For scholars, the problems of the web are too much information lying on the surface--where the lack of storage structure makes discovery cumbersome--and too much information hidden behind locked portals. The concealed, or "deep," web is the properly termed internet beyond the web. The web is that part of the internet that is accessible via HTTP protocol; not everything that can be reached on the network is ultimately web-accessible.
Google's "Scholar" service is founded on access to off-web sources that have allowed Google to search and index. Hits obtained via Google Scholar typically link to at least an abstract of the target text and sometimes to the full text. Conditions for access to the texts remains in the control of the copyright owners and might be restricted or available only to subscription holders. Scholar also includes links to articles citing the article that was the subject of the search query.
Complete Planet, which bills itself as "the deep web directory," claims to present resources gleaned from 70,000 databases and specialized search engines. A white paper at the company's website argues that ordinary web searching is limited by failure to retain information once a search is repeated (and in effect superseded) as a next round of inquiry. The key is instead to keep search results in an index for future retrieval, and this is in essence how Complete Planet--and other deep searches--operate.
Basic reference sources, long familiar in printed form, have moved to the internet, where they are web-approachable but available by subscription only. Merriam-Webster dictionaries and the Encyclopedia Britannica provide web travelers with a glimpse of the resources offered, just enough to serve as an advertisement.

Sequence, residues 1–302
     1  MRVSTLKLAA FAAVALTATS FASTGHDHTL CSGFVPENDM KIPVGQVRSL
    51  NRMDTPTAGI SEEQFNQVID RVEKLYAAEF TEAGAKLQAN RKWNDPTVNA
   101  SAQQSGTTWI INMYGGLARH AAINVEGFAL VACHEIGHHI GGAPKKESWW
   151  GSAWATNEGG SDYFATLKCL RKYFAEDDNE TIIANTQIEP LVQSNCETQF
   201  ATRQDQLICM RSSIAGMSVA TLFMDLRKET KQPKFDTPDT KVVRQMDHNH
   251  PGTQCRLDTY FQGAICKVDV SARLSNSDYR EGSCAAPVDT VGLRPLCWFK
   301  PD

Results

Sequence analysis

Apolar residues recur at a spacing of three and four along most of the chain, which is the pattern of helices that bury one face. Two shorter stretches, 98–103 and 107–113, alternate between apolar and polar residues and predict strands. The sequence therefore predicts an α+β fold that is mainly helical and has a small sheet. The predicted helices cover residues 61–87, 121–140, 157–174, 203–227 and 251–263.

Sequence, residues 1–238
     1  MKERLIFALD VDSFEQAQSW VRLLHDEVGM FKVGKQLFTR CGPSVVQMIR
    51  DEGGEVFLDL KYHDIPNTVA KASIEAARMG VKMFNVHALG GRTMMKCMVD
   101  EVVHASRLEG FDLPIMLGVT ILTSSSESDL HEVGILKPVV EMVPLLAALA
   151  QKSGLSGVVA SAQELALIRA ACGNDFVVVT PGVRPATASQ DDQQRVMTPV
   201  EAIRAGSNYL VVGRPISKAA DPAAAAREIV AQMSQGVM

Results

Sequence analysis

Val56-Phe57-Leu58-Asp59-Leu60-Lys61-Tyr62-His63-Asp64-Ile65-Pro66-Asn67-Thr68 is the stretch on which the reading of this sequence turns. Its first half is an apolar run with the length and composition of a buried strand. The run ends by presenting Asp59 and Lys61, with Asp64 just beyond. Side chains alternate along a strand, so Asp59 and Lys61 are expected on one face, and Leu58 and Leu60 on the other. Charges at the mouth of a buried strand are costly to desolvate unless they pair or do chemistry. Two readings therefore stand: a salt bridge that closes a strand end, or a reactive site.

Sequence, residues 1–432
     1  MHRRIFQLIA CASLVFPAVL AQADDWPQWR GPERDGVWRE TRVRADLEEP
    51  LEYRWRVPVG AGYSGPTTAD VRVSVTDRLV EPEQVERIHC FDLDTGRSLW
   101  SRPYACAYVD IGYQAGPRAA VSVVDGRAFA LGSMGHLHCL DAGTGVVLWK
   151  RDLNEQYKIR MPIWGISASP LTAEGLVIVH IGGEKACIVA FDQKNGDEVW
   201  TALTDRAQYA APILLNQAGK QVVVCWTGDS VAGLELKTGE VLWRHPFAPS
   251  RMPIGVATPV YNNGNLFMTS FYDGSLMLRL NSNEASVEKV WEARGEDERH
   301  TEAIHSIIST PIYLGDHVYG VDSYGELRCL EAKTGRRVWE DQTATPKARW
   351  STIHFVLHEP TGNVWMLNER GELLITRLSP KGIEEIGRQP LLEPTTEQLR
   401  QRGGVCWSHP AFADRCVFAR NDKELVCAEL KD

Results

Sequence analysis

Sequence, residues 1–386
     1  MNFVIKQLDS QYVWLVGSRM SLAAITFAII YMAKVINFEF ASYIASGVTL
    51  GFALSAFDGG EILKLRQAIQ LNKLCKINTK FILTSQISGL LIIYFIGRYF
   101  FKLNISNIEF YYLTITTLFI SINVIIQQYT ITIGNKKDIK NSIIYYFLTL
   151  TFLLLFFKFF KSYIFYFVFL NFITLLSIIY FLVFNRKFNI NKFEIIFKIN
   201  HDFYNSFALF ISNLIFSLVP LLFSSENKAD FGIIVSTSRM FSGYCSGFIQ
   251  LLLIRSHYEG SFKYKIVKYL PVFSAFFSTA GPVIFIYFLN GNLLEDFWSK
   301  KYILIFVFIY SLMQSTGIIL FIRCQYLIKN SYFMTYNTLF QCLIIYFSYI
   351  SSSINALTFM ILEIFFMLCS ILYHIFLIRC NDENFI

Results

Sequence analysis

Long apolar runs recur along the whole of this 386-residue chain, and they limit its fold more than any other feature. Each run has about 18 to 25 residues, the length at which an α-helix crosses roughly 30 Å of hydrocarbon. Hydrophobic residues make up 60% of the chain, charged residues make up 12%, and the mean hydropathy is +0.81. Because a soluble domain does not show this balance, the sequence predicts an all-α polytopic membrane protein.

Meanwhile, FreeTranslation.com offers a sample of online human language translation services. Its brief, machine-processed translations of submitted text invite--for a fee--submissions of larger text sections, more refined translations, or even a translation written by a person.
The premium sources of scholarly knowledge online are the commercial indices and bibliographies typically available to students and researchers through academic libraries. LexisNexis combines various publishing brands that dominate the markets for legal information. EBSCO Information Services is a major aggregator of publications in print and electronic formats for libraries. Its Academic Search Premier product is one of the most widely subscribed collections of abstracted, indexed, and full-text journals. It claims indexing for more than 8,000 publications, of which 6,800 are abstracted and indexed and 4,500 are full text. Thomson Gale, another major reference and full-text provider, offers among its many products Academic ASAP, a database spanning most liberal arts disciplines and offering full text from 600 publications.
The Multimedia Educational Resource for Learning and Online Teaching is a free-membership catalog of online learning materials contributed by subscribers. At its center, MERLOT is a collection of metadata documenting digital resources available for adoption and shared use. It also offers technology, design, and policy guidelines to help standardize and improve faculty-developed materials.
Scholarly research today begins with the web but quickly branches into wider and deeper domains of information. Technologies to search, index, rank, and retain texts--or at least the means for potential access to them--are in rapid development, frequently subject to the secrecy and volatility of the commercial marketplace.
Many of the major players in online information are familiar from the print-publication industry and hold increasingly concentrated control over formerly numerous sources of information. Students and faculty have unprecedented, unmediated access to overwhelming quantities of information. Librarians and other IT professionals attempt to assist scholars in coping with this bounty, but how effective their guidance will prove is yet unknown. Research has gone paperless; figuring out how to function effectively in this environment is a work still in progress.
Tom Warger is a consulting principal for Edutech International (www.edutech-int.com).